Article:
Ohrndorf 5 Cylinder Radial

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I also did some tests silver soldering 2 similar sized dummy steel blanks together, more out of morbid curiosity since I have no prior experience with this. I could get what appeared as an acceptable looking joint that seemed to be penetrating the annular gap which needs to be quite small for gear concentricity. But I was getting enough of a fillet that I thought was going to interfere with the teeth meshing & filing it out did not seem like fun. The tester blanks came to a decent red glow by the time the flux turned glassy & silver solder melted. I don’t think the heat would adversely affect the commercial gear alloy as they were unhardened. But it also took some effort to clean the blanks after soldering, so I am going to have to figure out pickling & all that. In summary it was an interesting exercise I would like to return to one day, but I chickened out for this application.
 

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Then I tried drilling some ‘pin’ keys centered on the joint line, again using dummy blanks. This actually worked quite well. So, I figured if Loctite was good & pinning was good, maybe I would just go overboard & combine them.
 

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Once the cam timing was established relative to TDC, I tacked the gears using CA glue to preserve the position & marked the gear teeth with little ID dots for reference. I set the gear cluster into my prior boring fixture & replicated the pin key drilling operation. I re-checked timing one more time, all appeared good. Now just a matter of assembling the cluster together with Loctite outside the engine. Including a picture of the 5mm OD axle for idler gears sitting in the front gear plate with its bronze spacer washer & retention screw.
 

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Just to revisit the timing on this engine which I reverse engineered using the cam profiles. Inlet opens & exhaust closes equally either side of TDC, which makes it relatively easy to set the cams (I suspect by intent). With piston at TDC, you just rotate the cam plates until the tappet travels are equal to one another during the transition point.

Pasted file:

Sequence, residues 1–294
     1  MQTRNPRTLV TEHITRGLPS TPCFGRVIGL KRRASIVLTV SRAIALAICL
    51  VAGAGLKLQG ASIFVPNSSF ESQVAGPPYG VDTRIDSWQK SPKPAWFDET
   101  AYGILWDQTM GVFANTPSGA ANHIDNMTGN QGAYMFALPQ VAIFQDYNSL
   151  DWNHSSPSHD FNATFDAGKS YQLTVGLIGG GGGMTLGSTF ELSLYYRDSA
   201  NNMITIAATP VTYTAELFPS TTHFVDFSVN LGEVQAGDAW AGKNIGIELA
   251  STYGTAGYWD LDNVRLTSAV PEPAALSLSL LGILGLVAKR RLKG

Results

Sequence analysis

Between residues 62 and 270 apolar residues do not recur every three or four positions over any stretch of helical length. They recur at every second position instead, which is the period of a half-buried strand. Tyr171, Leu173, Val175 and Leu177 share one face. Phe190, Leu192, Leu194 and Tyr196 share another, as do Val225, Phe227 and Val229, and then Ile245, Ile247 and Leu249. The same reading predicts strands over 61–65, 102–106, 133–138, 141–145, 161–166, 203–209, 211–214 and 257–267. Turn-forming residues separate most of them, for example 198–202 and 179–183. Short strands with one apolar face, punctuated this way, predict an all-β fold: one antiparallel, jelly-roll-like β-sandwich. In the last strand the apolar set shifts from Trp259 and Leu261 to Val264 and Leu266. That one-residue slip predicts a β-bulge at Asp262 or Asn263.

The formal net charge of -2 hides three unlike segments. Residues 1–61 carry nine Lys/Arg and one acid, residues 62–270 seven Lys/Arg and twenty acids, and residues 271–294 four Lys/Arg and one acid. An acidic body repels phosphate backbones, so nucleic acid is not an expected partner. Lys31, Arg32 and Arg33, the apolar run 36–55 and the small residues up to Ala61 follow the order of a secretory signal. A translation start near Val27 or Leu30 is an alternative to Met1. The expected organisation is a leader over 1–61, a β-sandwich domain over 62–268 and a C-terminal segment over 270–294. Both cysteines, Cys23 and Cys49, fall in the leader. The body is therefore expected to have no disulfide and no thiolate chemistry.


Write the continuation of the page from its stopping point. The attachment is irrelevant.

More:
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Peterha,

Outstanding! Just for reference in some of my engines I have used knitting needles for push rods. The aluminum ones have cool colors. The stainless one from China are hollow, light and strong and cheap. Adjuster screw can go up inside the tube.
 
Just to revisit the timing on this engine which I reverse engineered using the cam profiles. Inlet opens & exhaust closes equally either side of TDC, which makes it relatively easy to set the cams (I suspect by intent). With piston at TDC, you just rotate the cam plates until the tappet travels are equal to one another during the transition point.
Very interesting (very very nicely done too by the way) - - - what are you using to create the wonderful drawing fro jpg 1 and 3 (#2 is a spreadsheet of some kind)?
 
Thank you @ajoeiam . 1.jpg is a screen grab from CAD program (Solidworks) imported into Excel & then annotated a bit for visual reference. 2&3 are from an Excel spreadsheet I made to evaluate cam timing in terms of more conventional valve open/close BTDC, ABDC etc. since it wasn't documented on the plans & I was curious how it compared to other engines. If you are interested, I extended this to a comparison tabulation of other model 4-stroke engines. Quite a surprising range but I suppose there are reasons for this.